Tag

Andrew Bolt

15
Oct
2018

Polls, Lindzen & Abbott

Yesterday’s Commentary focussed on the lecture given in London by Professor Richard Lindzen and his ridiculing of Australian (read Morrison government) comments about the IPCC report and his denunciation of the report itself (see Lindzen Slams IPCC Report). Lindzen is not any old professor: he has written over 200 articles on climate change an meteorology and would provide enlightenment if brought to Australia, more so than Monckton because of his background. That Commentary suggested that the government should invite Lindzen.
1
Oct
2018

Morrison Off Tracks

Comments now emanating from the PM and Treasurer are alarming. They imply that the Coalition is following a line that is not dissimilar to that adopted by Turnbull and most of the ministers he appointed (some of which have in fact been re-appointed by Morrison). It would not be surprising if Turnbull himself has been consulted on some issues which have emerged since he lost his PM position (Morrison indicated last week that he had been speaking to Turnbull “pretty frequently”). True, some have responded well to Morrison’s more acceptable mannerisms than those attributed to Turnbull, but what counts is the substance of decision-making.
10
Sep
2018

Coalition Goes Backward Under Morrison

One might have thought that the second Newspoll after the election of Scott Morrison as PM would produce something of a lift since the one published a fortnight ago on 27 August. That showed the Coalition on a TPP of 44/56 (and a primary vote of only 33) after Turnbull was dismissed on 24 August. But now we have on 10 September the same TPP for the Coalition and only a one percentage point lift in its primary vote – but, and for Labor too.
6
Sep
2018

Morrison’s Policies to be Revealed

In last Sunday’s Commentary I drew attention to the lack of any substantial difference emerging in energy policy by Scott Morrison compared with what had been envisaged under the Turnbull/Frydenberg clique. Even though he has been emphasising the importance of reducing electricity costs, that remains the case as there has been no announcement of reductions in the cost-adding policies of reducing carbon emissions and increasing usage of renewable.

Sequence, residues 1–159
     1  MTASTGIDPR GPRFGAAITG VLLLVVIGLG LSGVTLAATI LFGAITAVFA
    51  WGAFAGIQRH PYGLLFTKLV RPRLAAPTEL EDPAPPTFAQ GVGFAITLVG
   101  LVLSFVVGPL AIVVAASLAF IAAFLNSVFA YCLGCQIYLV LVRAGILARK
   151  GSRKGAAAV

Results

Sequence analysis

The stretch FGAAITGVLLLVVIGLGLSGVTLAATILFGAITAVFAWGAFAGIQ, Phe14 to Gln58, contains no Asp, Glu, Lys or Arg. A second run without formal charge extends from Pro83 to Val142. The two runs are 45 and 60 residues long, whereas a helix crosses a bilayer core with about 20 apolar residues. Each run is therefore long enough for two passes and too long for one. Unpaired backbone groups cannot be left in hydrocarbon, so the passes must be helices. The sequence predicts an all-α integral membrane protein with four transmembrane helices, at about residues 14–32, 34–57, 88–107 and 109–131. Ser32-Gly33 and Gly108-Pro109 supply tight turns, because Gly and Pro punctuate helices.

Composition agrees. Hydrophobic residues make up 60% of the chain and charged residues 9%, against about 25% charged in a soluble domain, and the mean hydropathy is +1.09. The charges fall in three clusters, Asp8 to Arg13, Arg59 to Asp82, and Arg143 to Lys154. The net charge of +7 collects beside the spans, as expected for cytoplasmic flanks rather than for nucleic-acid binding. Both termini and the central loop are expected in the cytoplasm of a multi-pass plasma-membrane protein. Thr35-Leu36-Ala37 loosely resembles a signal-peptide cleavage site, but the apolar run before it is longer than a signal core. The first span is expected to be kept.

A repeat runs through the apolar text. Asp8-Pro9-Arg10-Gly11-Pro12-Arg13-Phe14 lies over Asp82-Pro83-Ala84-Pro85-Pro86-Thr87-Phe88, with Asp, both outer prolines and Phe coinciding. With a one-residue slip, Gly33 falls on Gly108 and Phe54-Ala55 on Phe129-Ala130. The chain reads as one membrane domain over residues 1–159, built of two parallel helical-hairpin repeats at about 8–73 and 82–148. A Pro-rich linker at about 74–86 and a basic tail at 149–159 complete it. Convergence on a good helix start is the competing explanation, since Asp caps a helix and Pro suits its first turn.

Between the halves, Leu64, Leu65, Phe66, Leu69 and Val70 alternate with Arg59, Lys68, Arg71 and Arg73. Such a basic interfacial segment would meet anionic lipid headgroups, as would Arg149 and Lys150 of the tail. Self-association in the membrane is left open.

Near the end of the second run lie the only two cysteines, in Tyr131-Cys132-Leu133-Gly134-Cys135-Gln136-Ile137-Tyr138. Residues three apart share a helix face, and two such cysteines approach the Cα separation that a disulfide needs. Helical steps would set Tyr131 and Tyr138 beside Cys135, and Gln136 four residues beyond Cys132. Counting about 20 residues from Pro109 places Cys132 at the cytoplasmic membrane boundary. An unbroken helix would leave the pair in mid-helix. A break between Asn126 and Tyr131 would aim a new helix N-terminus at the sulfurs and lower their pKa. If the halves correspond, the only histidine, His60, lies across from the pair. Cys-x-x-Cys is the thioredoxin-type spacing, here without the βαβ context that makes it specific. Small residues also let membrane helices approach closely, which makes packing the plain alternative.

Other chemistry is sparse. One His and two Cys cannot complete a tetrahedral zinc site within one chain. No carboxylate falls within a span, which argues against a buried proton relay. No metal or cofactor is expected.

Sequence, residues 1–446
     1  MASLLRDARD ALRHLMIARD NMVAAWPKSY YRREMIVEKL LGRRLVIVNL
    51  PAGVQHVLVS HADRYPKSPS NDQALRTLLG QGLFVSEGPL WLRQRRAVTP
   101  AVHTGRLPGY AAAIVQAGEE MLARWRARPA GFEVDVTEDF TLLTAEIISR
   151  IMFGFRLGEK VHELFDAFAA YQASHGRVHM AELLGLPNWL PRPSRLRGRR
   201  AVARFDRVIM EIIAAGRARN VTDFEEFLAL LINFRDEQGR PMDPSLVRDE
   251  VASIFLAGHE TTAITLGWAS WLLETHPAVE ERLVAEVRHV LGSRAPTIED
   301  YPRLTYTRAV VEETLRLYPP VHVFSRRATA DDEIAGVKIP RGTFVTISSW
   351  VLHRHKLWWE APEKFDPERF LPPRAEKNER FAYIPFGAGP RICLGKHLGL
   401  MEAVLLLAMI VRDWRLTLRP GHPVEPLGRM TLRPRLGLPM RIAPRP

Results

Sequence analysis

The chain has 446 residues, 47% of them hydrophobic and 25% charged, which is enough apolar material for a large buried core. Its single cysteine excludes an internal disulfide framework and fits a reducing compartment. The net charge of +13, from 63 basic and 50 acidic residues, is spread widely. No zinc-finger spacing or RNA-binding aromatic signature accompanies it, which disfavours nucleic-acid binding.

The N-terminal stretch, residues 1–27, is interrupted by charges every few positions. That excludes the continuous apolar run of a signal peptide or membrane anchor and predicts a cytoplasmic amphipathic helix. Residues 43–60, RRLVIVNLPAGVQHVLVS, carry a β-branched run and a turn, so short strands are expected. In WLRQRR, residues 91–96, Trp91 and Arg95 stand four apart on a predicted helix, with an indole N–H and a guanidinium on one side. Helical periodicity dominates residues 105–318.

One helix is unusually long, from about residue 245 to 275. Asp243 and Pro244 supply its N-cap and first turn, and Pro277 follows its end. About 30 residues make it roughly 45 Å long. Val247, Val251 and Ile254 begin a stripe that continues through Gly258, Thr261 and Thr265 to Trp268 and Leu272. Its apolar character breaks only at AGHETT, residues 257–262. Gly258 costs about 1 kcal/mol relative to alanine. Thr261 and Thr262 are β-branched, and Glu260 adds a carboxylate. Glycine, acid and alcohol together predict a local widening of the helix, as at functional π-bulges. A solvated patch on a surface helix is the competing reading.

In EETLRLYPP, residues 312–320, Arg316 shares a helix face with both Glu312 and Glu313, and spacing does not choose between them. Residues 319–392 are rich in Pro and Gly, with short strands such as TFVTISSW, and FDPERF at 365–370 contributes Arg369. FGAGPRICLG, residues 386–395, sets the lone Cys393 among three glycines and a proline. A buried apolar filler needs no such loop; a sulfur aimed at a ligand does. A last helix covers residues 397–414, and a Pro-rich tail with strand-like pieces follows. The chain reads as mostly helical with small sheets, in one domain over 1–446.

30
Aug
2018

Waiting for Godot?

My Commentary on 27/8 was headed “Better Than Turnbull, but …”. This qualification reflected my concern about Morrison’s decisions on the composition of Cabinet but also about the fall in the Coalition’s 44/56 TPP in the Newspoll. This suggested that he would be unlikely to be given a honeymoon and would need to get going if the Coalition is to “sell” policies which would be accepted at the next year’s election
27
Aug
2018

Assessing Morrison

Morrison must be given what he said he stands for – “a fair go” – and for, in the end, supporting the removal of Turnbull, but only just. But it should be recognised that he did not challenge Turnbull, Dutton did; he allowed himself to be coached by T into challenging Dutton; and he put his arm around Turnbull and made sympathetic noises about his leadership. Turnbull’s main aim – to destroy the Liberal party – may not be finished: outside Parliament he may involve himself from now until the election in helping Labor whenever the chance occurred.
24
Aug
2018

A Very Important Change

The belated but successful challenge to Malcolm Turnbull after three years as Liberal leader is very important for the Coalition and for Australia -potentially. Readers of my Commentary will be aware of the adverse views which I hold on his socialistic objectives and the apparent ego which focussed him mainly on trying to make his mark through politics regardless of which side. In fact, after 3 years as leader he will be remembered as having achieved very little other than drawing attention to himself and departing from Liberal beliefs.
16
Aug
2018

Shorten to Save Turnbull?

In today’s Australian, it is reported that attempts are being made by so called “rebel” MPs (said to be 10) to persuade some ministers to resign their positions. This would avoid the requirement that ministers vote with the government and Assistant Minister Keith Pitt is mentioned as a possible resignation (see Possible Resignations by Ministers Re Neg). He and Deputy PM McCormack had apparently proposed establishing a $5bn fund to build “at least three new power stations (presumably coal-fired) under a government-owned company model to keep the cost off the budget books”, but this was apparently rejected by the government.
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